What Parents Want Teachers to Know About Online Education

Lizzie Ottenstein
Shreejana Mainali
Student jotting down notes while taking online classes.

More than 1.5 billion children are struggling to adapt to the new normal of online education, but we can’t forget parents are adapting too, and the pressure to keep children focused on school work while also working from home has been tough. Faculty can only implement effective online learning if they understand the challenges facing parents and their kids. Students do best in school when they have enthusiastic parental support and involvement. 

Here are few things parents want teachers to know about online education.

Most households lack stable internet access

It’s a mistake to assume that every household sending their child to school also has stable internet access and sufficient electronics. This is far from true. In Nepal, roughly 80% of households don’t have broadband internet access. The device shortage is even more widespread. This has resulted in a digital divide, putting low-income families and minority students at a major disadvantage.

Teachers should make asynchronous teaching a priority without mandating the online attendance of students who don’t have internet access. Instead of one-way online lectures (or perhaps in addition to them), teachers should design downloadable course work students can access anytime. But, the learning process doesn’t stop after the course work is done. 

Provide tangible feedback

Most parents are unfamiliar with online education and want to make sure their kids are learning as much as they did back in the classroom. This is possible when teachers provide tangible feedback to students and parents. This includes feedback about assignments or attentiveness during class. This will help parents understand their kid’s engagement and interest in school or a particular subject, and it can’t be done without communication.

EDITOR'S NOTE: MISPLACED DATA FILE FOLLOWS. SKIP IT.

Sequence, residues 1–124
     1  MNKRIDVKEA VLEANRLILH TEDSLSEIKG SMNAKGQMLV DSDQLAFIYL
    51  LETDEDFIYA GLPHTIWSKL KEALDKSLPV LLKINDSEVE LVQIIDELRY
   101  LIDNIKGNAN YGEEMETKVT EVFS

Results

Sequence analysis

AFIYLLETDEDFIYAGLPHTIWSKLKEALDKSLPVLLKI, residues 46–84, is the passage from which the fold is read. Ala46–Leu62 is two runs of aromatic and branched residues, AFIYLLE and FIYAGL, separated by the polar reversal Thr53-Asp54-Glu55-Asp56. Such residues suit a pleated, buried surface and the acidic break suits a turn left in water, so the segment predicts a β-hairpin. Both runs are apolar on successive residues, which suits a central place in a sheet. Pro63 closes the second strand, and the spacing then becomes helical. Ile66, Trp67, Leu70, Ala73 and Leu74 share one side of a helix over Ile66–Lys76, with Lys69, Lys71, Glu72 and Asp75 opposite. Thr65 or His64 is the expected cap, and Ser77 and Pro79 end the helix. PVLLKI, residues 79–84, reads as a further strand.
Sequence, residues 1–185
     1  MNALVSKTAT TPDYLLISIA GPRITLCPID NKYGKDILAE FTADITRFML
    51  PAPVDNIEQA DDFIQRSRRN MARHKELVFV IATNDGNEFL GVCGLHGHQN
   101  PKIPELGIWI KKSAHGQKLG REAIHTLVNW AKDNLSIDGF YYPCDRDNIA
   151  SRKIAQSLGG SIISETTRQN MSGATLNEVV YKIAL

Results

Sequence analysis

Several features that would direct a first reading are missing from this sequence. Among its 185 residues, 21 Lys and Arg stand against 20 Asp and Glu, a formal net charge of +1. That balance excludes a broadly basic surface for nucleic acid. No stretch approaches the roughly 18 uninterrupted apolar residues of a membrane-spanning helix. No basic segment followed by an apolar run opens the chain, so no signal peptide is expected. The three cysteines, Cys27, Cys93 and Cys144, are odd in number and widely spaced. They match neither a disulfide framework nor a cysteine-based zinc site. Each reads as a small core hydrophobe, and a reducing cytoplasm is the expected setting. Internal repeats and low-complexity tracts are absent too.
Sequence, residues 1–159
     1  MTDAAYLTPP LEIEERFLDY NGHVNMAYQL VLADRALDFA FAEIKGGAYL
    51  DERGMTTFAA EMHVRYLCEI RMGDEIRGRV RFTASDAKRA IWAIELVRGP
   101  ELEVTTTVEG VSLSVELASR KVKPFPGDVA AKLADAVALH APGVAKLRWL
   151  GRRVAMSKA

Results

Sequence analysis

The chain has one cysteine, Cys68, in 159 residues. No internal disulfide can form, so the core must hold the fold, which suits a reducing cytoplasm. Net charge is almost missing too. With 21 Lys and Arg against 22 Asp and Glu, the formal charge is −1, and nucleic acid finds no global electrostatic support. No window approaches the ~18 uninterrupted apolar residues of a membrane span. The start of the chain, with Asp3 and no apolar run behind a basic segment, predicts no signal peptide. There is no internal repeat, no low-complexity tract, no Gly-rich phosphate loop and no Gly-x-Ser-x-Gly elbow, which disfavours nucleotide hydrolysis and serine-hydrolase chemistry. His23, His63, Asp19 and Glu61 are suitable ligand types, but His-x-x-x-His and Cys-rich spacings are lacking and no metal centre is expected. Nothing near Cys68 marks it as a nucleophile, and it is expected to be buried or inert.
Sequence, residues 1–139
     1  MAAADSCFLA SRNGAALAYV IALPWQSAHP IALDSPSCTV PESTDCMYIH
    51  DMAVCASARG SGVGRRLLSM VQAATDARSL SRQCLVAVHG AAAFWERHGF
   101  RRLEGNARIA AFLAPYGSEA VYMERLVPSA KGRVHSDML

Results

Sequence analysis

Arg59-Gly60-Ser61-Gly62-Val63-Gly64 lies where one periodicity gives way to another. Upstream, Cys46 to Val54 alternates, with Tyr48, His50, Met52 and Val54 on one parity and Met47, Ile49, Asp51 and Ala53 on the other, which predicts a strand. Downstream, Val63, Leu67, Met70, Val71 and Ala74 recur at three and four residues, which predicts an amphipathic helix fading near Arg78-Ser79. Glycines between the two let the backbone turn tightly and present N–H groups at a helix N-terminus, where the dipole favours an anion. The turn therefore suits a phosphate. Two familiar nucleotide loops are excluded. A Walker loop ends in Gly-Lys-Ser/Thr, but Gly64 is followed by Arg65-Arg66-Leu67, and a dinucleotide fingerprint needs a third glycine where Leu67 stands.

Clear and consistent communication 

Communication is key, especially in the new reality of online school. Faculty should make sure the school has a clear and open parent-teacher communication policy. Canvas found, from a sample of 1,003 US adults, that 30% reported unclear instructions and from their kid’s school. Regular two-way communication with clear, simple instructions, and progress updates is critical so everyone is on the same page. 

Even more, parents ought to be able to access their kid’s school’s learning management system. Here they can access information such as assignments, progress reports, grades, announcements, and so on. Or they can receive updates via Skype, ParentSquare, or Remind. Allowing parents to leverage what they know about their kid’s progress in school will help them be more involved overall. 

Involvement in the decision-making process

Virtual learning works better when parents are involved in planning and decision-making. Lack of parent involvement in the formulation of new plans and policies may create a bias in favor of some families and may have an effect on online retention. 

Be cognizant of  workload 

Last but not the least, parents want teachers to be empathetic and considerate of workload. The Canvas survey also revealed that 49% of parents found it challenging to balance chores with managing their kids’ schoolwork. Homework is necessary, but too much of it doesn’t lead to productivity. Children require time to play, explore, and be creative too. In the face of unprecedented challenges, home life can be especially challenging for some. Parents want teachers to be aware of this in light of the homework they give.

While these are challenging and unprecedented times, there are many things both parents and teachers can do to ensure our kids are getting the most out of their online education experience, and communication is at the center of this.